Background: A growing body of literature suggests that patients with Parkinson disease (PD) have many unmet needs under current models of care that may be addressed through palliative care approaches. A first step in improving care for patients with PD through palliative care principles is to better understand patient perspectives on their perceived needs and care preferences. Methods: A total of 30 in-depth individual interviews and 4 focus groups were held to elicit the perspectives of patients with PD on unmet palliative care needs and preferences for addressing these needs.Weused ATLAS.ti and inductive qualitative data analysis techniques to interpret responses. Results: Patients articulatedmajor challenges in living with a diverse and complex set of motor and nonmotor symptoms; feelings of loss; changes in roles, relationships, and concept of self; and expressed concerns about the future. Participants discussed gaps in their care, including support at the time of diagnosis, education about the disease, and advance care planning. There was an expressed interest in and openness of participants to interdisciplinary approaches for addressing these needs. Conclusions: PD has a profound effect on multiple domains of a person's life starting at diagnosis. Patients desired individualized care and identified several areas where care from their primary neurologist could be improved. Patients were receptive to outpatient teambased palliative care services to address psychosocial issues, adjustment to illness (particularly at diagnosis and with progression), nonmotor symptom control, and advance care planning as an adjunct to usual care. Future research is needed to develop and test the effectiveness of palliative approaches to improve the care of patients with PD.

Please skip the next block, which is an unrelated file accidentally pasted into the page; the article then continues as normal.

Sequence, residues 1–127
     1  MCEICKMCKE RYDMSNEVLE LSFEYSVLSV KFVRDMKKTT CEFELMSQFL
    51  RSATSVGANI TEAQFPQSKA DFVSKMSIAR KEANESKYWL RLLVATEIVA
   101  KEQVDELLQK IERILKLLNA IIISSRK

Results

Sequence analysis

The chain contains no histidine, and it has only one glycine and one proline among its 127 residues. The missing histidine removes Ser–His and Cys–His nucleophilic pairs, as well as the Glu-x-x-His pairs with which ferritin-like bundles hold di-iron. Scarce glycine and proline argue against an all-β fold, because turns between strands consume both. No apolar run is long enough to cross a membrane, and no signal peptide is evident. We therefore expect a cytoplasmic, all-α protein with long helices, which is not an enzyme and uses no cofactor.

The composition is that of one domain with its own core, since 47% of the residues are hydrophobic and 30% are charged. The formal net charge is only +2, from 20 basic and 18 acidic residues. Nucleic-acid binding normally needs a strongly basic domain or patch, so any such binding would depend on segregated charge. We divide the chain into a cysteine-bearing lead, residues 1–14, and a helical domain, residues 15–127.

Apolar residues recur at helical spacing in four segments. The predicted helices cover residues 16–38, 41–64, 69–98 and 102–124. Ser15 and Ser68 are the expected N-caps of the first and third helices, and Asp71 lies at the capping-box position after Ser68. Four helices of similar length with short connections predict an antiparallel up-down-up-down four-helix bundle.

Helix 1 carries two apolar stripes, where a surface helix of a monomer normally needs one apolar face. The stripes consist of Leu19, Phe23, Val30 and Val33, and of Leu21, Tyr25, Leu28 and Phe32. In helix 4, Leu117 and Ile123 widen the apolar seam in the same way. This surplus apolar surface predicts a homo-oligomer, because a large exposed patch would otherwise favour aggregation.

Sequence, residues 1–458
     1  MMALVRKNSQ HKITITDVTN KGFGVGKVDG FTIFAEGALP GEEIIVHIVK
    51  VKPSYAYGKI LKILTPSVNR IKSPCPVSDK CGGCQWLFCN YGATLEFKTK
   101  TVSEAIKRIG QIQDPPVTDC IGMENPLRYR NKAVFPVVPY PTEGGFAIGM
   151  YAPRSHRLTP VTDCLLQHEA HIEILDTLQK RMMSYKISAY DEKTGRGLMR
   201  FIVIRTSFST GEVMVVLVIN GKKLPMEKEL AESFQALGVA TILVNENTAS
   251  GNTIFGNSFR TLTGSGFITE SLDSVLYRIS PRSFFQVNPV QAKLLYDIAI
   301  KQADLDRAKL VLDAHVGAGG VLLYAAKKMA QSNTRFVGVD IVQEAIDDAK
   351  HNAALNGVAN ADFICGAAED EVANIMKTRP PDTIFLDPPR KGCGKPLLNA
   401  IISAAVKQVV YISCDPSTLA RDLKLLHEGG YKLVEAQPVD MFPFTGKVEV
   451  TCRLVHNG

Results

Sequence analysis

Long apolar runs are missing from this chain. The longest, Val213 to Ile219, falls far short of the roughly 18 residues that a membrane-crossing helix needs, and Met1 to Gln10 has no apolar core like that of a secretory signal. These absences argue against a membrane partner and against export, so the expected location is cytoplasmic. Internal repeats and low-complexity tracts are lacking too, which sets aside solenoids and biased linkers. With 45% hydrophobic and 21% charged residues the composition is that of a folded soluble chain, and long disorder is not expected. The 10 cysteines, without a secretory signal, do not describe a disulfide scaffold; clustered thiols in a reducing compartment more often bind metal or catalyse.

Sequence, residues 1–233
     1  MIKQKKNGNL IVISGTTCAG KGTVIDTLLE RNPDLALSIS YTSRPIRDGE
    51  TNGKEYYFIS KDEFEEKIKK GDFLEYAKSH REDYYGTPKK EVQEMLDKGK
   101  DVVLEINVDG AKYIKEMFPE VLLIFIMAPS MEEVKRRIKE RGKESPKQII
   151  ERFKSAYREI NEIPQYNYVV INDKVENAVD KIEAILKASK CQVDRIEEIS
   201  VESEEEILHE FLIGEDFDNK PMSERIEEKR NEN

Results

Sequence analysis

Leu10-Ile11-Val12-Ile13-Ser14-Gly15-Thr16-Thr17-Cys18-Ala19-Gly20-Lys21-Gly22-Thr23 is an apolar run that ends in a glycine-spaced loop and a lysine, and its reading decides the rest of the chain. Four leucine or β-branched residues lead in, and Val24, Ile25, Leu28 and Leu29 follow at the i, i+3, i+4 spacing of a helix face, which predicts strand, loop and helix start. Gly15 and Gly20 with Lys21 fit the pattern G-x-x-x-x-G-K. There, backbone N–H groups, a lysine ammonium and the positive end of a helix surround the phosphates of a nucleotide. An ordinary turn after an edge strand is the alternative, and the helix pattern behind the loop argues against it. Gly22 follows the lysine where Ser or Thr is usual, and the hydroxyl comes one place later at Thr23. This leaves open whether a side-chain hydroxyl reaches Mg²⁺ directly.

ASJC Scopus subject areas
- Clinical Neurology